Pat Kirwan's Top 100: Top-ranked Tom Brady thrives despite obstacles

When you scan my list of the top 100 players in the NFL, you will see, among other things:

--Tom Brady is far from washed up, and I still consider him one of the elite players in the league.

-- I still think the young quarterbacks have to wait their turn to be anointed the next great things and be in my top 30.

-- I have Arizona's Patrick Peterson ranked in the top 10 -- not Seattle's Richard Sherman.

When I initially put this list together, I had Peterson ranked No. 8, just a few spots ahead of Sherman, who is 11th. That was based on my evaluation.

But to be sure, I ran that thinking by several NFL general managers, coaches, offensive coordinators, Atlanta Falcons receiver Julio Jones and a handful of other offensive players.

While they all said Sherman was a great player, not one of them thought he was better than Peterson.

That shocked me.

I am sure it will shock Sherman.

Here's what two general managers had to say about Sherman:

GM No. 1: "Overhyped. Not the ideal athlete that you look for at the cornerback position, but fits what they do well. He has very good ball skills and recognition skills, but benefits greatly from their front and the safety help over the top."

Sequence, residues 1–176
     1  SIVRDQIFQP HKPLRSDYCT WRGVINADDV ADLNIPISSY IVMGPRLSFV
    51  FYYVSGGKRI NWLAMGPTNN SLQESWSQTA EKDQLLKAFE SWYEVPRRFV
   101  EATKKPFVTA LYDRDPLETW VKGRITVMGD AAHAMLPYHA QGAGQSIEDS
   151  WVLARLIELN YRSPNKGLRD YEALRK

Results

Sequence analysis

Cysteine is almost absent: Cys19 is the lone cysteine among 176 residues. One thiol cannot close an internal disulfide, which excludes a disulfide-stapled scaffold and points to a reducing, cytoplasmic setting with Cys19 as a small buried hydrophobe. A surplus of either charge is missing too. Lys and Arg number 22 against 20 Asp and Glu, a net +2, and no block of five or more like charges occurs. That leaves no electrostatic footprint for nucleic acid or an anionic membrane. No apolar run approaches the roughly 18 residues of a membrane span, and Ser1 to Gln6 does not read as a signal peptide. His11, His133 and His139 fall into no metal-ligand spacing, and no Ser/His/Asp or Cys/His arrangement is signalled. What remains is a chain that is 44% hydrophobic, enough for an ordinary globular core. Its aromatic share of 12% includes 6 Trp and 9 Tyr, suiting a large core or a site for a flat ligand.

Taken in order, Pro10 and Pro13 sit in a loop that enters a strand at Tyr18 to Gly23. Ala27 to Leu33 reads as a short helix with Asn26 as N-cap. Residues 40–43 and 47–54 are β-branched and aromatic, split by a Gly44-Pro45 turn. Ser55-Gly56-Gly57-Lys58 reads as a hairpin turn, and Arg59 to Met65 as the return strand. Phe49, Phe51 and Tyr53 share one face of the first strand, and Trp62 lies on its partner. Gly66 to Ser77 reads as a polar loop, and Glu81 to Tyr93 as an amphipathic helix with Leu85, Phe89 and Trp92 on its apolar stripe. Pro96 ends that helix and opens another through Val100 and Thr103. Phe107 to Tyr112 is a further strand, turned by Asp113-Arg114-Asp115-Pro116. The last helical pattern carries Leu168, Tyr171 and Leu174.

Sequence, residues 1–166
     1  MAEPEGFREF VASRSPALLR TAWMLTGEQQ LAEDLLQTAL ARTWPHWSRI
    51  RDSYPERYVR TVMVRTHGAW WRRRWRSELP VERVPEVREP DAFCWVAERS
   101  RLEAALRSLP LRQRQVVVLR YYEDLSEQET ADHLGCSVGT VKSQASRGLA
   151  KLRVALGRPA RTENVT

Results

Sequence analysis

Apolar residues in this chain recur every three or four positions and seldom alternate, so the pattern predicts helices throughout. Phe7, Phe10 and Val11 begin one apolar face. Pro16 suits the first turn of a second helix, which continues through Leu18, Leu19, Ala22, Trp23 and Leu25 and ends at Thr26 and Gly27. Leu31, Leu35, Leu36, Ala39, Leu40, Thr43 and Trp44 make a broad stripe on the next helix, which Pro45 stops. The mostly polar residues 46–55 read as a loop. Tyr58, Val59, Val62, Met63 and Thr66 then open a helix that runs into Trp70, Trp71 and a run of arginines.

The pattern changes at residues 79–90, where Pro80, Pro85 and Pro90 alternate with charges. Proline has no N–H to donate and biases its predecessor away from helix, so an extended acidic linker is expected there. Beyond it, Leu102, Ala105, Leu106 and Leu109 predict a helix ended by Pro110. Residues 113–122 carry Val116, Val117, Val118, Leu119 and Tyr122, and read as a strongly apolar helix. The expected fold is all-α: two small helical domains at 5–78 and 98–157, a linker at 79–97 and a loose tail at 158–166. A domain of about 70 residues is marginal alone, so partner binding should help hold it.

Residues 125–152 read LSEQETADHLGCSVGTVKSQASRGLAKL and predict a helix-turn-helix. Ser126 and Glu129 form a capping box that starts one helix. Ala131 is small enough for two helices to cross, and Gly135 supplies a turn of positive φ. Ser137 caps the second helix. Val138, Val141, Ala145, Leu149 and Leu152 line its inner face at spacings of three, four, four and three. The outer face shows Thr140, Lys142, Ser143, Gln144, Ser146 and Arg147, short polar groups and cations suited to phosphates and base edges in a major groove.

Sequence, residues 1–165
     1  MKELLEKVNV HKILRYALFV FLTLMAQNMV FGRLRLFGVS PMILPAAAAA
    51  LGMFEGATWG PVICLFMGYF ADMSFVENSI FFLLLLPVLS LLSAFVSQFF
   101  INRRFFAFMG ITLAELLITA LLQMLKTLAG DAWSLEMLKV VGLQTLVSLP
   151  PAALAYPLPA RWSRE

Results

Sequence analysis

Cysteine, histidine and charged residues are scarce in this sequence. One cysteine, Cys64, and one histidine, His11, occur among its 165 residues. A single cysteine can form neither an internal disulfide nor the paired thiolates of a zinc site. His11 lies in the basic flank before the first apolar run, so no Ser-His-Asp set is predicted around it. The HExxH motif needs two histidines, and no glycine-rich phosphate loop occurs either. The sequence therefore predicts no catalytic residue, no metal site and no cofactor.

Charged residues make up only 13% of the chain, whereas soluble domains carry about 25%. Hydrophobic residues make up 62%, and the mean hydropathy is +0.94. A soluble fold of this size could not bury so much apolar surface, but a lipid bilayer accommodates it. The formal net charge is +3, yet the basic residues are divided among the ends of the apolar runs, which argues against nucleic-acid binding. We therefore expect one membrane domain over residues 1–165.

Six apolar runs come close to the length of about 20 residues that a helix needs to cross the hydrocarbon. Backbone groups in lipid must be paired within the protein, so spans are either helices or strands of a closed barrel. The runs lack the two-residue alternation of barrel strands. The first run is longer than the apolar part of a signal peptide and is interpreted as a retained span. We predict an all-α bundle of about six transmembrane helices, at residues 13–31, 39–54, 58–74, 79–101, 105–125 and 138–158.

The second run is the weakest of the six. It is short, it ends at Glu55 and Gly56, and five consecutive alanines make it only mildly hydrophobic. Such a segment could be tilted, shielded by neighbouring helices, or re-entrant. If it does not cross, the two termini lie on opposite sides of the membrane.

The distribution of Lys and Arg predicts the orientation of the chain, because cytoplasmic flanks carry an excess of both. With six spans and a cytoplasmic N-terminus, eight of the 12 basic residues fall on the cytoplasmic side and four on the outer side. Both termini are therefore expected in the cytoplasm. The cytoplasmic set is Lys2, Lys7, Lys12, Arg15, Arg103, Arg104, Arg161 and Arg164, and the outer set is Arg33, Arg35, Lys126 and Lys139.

GM No. 2: "See how he does when he doesn't have a push. In that defense, they don't ask him to play a lot of man. He's more of a one-dimensional player. He's very good at what they ask them to do. Sherman's big and long, so that helps. He's good, but Peterson is better."


"GM No. 2: "He is big, tough and lines up all over the place. He can play the press-man you want and he takes the other team's best receiver. He can go into the slot. He can go to the left side, the right side. It doesn't matter. That's the difference. I don't think you could put Sherman in their scheme and he'd do the same things."

I appreciate both corners, which is why they are among my 11 best players in the NFL for 2014.

Denver quarterback Peyton Manning tops the list after his record-setting season. My top 10 includes four quarterbacks, the guys I consider the truly elite passers. They are Manning, Aaron Rodgers, Tom Brady and Drew Brees.

I put Brady at No. 5, which totally dispels the idea that he is slipping, as some have stated.